Whether you are a beginner, novice, or pro; every endurance athlete has one thing in common. They all want to improve performance.
Performance for some may entail making their daily runs or rides feel easier while for others it may mean setting new PRs.
We all know that doing endurance exercise at an easy pace more frequently or for longer will lead to huge improvements in a relatively short amount of time, but at some point, a plateau will occur.
When this happens, going into the pain cave one to three times a week will be necessary to improve endurance performance further.
This is especially true as it relates to further improving VO2 Max; arguably one of the most important physiological variables that best predicts success for endurance athletes.
This article will discuss what VO2 Max is, how to test it, how to improve it, and sample workouts.
Almost every endurance athlete has heard the term VO2 Max, but very few know what it means beyond knowing that the higher you get it, the faster you will become.
By strict definition, VO2 Max (maximal oxygen uptake) is the greatest amount of oxygen that can be used at the cellular level for the entire body.
It has been found to correlate well with the degree of physical conditioning and is recognized as the most widely accepted measure of endurance fitness. The capacity to use oxygen is related primarily to the ability of the heart and circulatory system to transport oxygen and the ability of body tissues to use it.
Say what? In more basic terms VO2 Max is how efficiently oxygen you breath in gets to your working muscles to use it
VO2 Max values in normal, healthy individuals range from 25 to 80 ml/kg/min and depend on a variety of physiological parameters, including age and conditioning levels.
Values in elite endurance athletes can go even higher.
The highest VO2 max ever recorded is that of Bjorn Daehlie, a cross-country skier from Norway who won eight gold and four silver medals in three Olympic Games from 1992 to 1998.
His VO2 max when he was competing has been reported to be an astounding 93 to 95 ml/kg/min.
The chart below illustrates the VO2 norms and rank for men and women based on age. Please remember though these values can be significantly higher in trained endurance athletes.
MAXIMAL OXYGEN UPTAKE NORMS FOR MEN (ml/kg/min)
MAXIMAL OXYGEN UPTAKE NORMS FOR WOMEN (ml/kg/min)
Source: These norms have been derived from several and now unknown sources.
There are many ways to test or predict your VO2 Max. One requires going to the lab; the other has you doing specific workouts, while the last method predicts it off a current race time.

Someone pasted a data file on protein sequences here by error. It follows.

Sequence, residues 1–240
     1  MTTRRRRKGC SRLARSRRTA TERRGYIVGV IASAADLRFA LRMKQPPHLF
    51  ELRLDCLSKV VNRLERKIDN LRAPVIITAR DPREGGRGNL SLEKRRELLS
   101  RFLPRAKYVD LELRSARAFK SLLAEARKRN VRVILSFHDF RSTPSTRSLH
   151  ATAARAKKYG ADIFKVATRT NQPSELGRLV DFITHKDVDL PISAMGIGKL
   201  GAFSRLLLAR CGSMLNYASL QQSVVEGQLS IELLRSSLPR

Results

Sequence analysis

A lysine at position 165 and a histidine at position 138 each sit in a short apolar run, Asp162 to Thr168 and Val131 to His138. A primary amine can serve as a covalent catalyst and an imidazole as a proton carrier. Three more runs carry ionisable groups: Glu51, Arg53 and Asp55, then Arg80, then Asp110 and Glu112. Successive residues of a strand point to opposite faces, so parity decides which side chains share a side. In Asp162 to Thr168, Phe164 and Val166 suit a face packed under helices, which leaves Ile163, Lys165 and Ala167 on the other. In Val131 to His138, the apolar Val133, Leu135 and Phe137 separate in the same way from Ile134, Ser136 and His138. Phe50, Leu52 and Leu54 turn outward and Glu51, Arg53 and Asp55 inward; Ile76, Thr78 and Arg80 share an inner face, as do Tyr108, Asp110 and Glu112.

The absolute best way to get an accurate VO2 Max is to find a lab who tests it and hooks you up to this contraption:
That, my endurance friends, is called a metabolic cart. It can be used while running on a treadmill or while using a stationary trainer.
VO2 max is calculated from measures of ventilation and the oxygen and carbon dioxide in the expired air, and the maximal level is determined at or near test completion.
There are various protocols used to measure VO2 Max when using a metabolic cart but most go like this.
Expect to spend anywhere from $100 - $250 to have a VO2 Max test conducted in the lab. If there’s a University where you live check to see if they have an exercise science department. Chances are they are looking for guinea pigs to do some testing on at no cost to you.
What if you don’t have access to a lab?
Remember these next methods of testing will only provide predictions of VO2 Max. More than likely they will not be as accurate as a lab test, but they should give you a fairly good idea of where you stand.
How to Perform the Test:
VO2 Max = (35.97 * distance you covered in 12-minutes in miles) – 11.29
For example, if I covered 2 miles in 12 minutes the equation would look like this:
VO2 Max = (35.97 x 2) – 11.29
VO2 Max = 71.94 – 11.29
VO2 max = 60.65 ml/kg/min
How to Perform The Test:
This way of predicting VO2 is based on the chart below and only applies to runners.
It was developed by the running coach Jack Daniels and taken from his book Daniel’s Running Formula, which I highly recommend. In this chart VDOT and VO2 Max are one in the same:
Now that we know what VO2 Max is and how to test it; what is the best way to improve it?
The short answer is through interval training one to two times a week.
Interval training involves endurance exercise at an intensity close to VO2 Max or ~90-100% of maximum heart rate (220 – age will give you an estimate of your maximum heart rate) depending on the length of the interval.
Interval training permits the endurance athlete to train at intensities close to VO2 Max for a greater amount of time than would be possible in a single exercise session at a continuous high intensity.
Interval training should not be performed until a firm base of aerobic endurance training has been attained.
Interval training is very stressful on the endurance athlete and should be used sparingly (1-2 times a week).
The benefits derived from interval training include:
Below are sample workouts to improve VO2 Max. One for those who run and the other for individuals who cycle.
It is best to use a heart rate monitor for these workouts but if one is not available make sure the effort level is an 8-9 on a scale of 10.
Improving VO2 Max should be a top priority of every endurance athlete from beginner to pro and is one of the best predictors of success.
An increased VO2 can:
First and foremost, you should test your VO2 max to establish a baseline and retest every 4-6 weeks to measure improvements.
Intervals should be performed 1-2 times a week after sufficient base training and should last anywhere from 3-5 minutes at 90-100% maximum heart rate and use a 1:1 work to rest ratio.
While VO2 Max is very important as it relates to endurance training, there is one other thing endurance athletes should focus on improving for maximal performance. Part 2 of this article will discuss this.